Seniors are not the only candidates for implants, however. Prosthodontics Chair Wael Att, who previously taught in Germany, said the large proportion of cyclists in Europe led to many younger patients who’d left a tooth on the roadside. But aging takes its toll on dentition, and NHANES data showed people ages sixty-five to seventy-five getting implants at a much faster clip than younger adults. Market research firms predict the global implant market will grow at a rate of about 7 percent a year, reaching as much as $6.5 billion by 2024.

Compared to other forms of restoration, implants can offer patients a more natural look and ease of use because they remain permanently affixed. From an oral-health perspective, they can help maintain bone, and don’t require work on the existing teeth alongside them. Yet implants are not right for everyone. Sufficient bone is still needed to hold the implant in place, and bone augmentation is not always possible. Peri-implantitis—inflammation and infection of the gum and bone surrounding the implant—is a risk. Smokers, people with diabetes, and others with slow healing face the most challenges. And contrary to what many patients believe, implants are not maintenance-free, and consistent follow-up is needed. Ultimately, 5 percent to 10 percent of implants fail.

And fear of dental surgery can still be off-putting for patients. “Not all patients flock to the treatment,” said Weber, the former chair of prosthodontics at Tufts. “For a patient like me, who cracked and lost a tooth that can successfully be replaced with an implant and a crown or a three-unit bridge for about the same expense, many patients and dentists will still opt for the bridge.”

Not too long ago, implant placements were the sole purview of specialists, primarily oral surgeons and periodontists, and there are many situations where specialists are necessary. For example, said Karimbux, a periodontist, if you want to place an implant in an area where too much bone has been lost, a bone graft will likely be needed. Sometimes, a sinus elevation is necessary. “Those in specialty programs have spent time learning those techniques,” he said. “If you don’t have adequate training, or don’t know your limits, you can get in trouble.”

For straightforward cases, however, general dentists have been increasingly offering surgical placement of implants. More than half the roughly 500,000 implants placed in the U.S. in 2017 were done by general dentists, according to the American Academy of Implant Dentistry, with training coming primarily from continuing education courses and implant manufacturers. And dental educators well understand that implantology skills will be in demand for new dentists, which is why Tufts is deepening its investment in resources and teaching.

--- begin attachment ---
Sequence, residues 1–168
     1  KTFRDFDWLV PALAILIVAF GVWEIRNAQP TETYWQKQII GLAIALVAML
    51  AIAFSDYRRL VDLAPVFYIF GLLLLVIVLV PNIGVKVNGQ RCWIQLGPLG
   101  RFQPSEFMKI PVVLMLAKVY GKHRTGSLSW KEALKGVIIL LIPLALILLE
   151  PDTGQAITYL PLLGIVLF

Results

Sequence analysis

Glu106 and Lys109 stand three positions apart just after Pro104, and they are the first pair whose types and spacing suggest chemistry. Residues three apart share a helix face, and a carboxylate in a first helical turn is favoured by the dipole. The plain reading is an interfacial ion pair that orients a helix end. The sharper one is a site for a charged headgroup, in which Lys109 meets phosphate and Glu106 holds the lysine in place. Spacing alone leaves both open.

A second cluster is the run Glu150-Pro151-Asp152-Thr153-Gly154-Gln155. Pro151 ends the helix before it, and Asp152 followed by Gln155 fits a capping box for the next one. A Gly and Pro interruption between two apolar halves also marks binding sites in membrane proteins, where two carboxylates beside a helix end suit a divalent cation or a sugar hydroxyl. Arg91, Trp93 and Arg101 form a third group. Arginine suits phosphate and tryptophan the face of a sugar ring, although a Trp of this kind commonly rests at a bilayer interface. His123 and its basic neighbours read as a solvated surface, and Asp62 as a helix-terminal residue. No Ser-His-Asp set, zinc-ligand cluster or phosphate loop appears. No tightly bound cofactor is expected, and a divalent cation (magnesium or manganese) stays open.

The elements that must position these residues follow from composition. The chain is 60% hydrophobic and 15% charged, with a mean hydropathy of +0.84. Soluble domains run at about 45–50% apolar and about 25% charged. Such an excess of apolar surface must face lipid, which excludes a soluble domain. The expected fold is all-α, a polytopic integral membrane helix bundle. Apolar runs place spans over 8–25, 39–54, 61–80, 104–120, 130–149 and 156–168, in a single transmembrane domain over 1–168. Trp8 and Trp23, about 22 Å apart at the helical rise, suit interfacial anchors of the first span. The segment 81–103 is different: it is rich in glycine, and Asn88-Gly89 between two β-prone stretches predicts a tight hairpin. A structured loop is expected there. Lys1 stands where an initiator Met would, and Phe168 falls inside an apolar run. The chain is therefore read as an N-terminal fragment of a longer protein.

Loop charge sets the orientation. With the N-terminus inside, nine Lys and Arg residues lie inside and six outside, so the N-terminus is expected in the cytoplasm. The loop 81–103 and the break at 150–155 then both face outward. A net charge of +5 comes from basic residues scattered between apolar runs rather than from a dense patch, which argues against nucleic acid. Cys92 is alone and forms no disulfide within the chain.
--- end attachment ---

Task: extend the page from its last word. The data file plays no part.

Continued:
If anything is slowing the rise of implants, it’s cost. Because every case is different, numbers are hard to come by, but estimates suggest the price of implants can range from about $1,000 to $3,000 for a single replacement, and reach into tens of thousands of dollars for a full mouth. At the same time, public insurance programs do not cover implants, and many private insurance plans cover only a portion of the cost for the restorations, and don’t pay anything for the surgical placement. According to demographic research in the JDR study, implant recipients are more likely to be white, have more than a high school education, and have private dental insurance.

To broaden access, Antonellou believes the dental community needs to improve its efforts at advocating for expanded insurance coverage. “Everything in implants costs a lot,” she said. And she’s hopeful changes in insurance coverage, together with improvements in technology and training, will help in driving the costs down. (In the meantime, one cost-effective option can be treatment at an academic clinic like the dental school. Tufts recently offered a “two-for-one” package for patients who needed multiple implants.)

For patients with the means to afford implants, however, Antonellou says to think of them as a sound investment in something they will be using every day. Research suggests even if implants cost more upfront, their permanent nature can make them a more inexpensive option over the long term. “The benefit you get out of implant restorations is tremendous,” she said. “Implants are changing the face of dentistry forever.”

Keep reading about how the School of Dental Medicine is leading the way in the field of implantology in these articles:

Looking Forward at Tufts
Beyond Science Fiction
Hands-On Learning